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3 of 3 people found the following review helpful By Haubrechts Patrick on October 24, 2008
Format: Paperback Verified Purchase
Robotic Exploration of the Solar System. Part 1.

The best book I read so far on space exploration.

The combination of Harlan the historian, and Ulivi the astronomer, which had already produced the excellent `lunar exploration' book made this an outstanding contribution.

First, this book describes the state of the kwowledge of the solar system just before space exploration beggins. Second, this book is comprehensive, in that it includes us, european and soviet/russian contributions.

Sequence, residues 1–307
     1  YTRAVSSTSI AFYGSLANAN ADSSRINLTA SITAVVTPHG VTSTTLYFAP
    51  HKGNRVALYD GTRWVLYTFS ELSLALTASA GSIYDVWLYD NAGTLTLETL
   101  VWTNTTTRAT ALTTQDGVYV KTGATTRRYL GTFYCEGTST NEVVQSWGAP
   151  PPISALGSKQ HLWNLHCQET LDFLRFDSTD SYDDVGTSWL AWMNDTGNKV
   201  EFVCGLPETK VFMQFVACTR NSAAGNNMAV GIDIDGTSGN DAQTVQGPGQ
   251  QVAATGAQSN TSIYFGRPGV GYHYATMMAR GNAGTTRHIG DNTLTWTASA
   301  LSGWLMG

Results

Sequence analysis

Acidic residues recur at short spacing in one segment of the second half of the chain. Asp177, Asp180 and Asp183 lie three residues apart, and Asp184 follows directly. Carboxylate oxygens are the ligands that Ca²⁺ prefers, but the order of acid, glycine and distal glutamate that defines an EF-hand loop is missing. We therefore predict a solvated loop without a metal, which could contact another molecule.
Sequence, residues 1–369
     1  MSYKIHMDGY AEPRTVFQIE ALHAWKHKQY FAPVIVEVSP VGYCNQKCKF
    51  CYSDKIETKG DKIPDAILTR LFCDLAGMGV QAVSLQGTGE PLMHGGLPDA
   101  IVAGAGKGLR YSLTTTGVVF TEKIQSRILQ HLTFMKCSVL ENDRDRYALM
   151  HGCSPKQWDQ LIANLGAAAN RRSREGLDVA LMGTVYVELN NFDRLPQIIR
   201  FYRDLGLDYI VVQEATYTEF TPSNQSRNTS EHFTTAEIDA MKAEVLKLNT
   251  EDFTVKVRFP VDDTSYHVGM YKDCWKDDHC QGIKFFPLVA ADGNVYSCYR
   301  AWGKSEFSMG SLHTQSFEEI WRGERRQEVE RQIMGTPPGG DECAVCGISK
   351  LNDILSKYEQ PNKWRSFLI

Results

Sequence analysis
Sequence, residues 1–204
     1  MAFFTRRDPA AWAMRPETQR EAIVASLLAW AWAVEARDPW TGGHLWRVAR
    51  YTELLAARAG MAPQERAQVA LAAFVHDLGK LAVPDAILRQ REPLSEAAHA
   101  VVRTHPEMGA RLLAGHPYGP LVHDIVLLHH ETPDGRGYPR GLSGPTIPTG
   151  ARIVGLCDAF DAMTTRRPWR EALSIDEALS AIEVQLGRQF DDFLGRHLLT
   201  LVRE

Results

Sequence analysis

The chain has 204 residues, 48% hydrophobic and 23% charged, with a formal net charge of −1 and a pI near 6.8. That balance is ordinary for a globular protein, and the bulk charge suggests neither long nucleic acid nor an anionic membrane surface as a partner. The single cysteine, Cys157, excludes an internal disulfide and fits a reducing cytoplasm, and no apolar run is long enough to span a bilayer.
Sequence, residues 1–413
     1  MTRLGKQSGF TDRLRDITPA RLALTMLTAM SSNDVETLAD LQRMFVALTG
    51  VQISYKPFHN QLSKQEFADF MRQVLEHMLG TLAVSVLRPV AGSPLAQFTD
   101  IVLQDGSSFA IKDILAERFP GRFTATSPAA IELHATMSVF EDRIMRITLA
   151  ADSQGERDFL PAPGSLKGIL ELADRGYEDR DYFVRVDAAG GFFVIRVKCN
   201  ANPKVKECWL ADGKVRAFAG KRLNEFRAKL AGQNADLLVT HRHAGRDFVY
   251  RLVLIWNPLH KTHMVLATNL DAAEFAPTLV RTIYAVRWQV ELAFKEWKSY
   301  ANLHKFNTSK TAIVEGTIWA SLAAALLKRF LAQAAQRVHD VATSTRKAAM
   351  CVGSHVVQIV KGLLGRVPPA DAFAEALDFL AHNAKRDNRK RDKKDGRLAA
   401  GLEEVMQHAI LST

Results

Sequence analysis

They are many detailed descriptions, including all phases of a given mission, even those which were never realized, from planning, launch and the follow-up on results. All aspects are described, financial, political and technical.

The book contains many readeable line drawings, figures, good pictures, some of them quite rare, as well as many little known facts for the average reader, it is an excellent basis for those who are looking for a global view of this part of the history of science.

P. Haubrechts
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1 of 1 people found the following review helpful By Trevor Hand on June 2, 2011
Format: Paperback Verified Purchase